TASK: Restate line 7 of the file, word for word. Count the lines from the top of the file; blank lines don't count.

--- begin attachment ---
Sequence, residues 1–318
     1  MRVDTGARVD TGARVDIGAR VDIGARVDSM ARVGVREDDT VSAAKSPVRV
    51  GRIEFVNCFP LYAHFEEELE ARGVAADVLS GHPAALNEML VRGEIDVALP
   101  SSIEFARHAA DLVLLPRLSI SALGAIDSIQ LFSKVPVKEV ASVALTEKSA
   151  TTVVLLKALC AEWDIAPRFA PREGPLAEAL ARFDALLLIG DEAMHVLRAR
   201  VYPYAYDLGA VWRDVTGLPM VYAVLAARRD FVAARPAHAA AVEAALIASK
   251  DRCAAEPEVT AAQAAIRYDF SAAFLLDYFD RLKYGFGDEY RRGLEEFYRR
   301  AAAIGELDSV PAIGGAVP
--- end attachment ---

   251  DRCAAEPEVT AAQAAIRYDF SAAFLLDYFD RLKYGFGDEY RRGLEEFYRR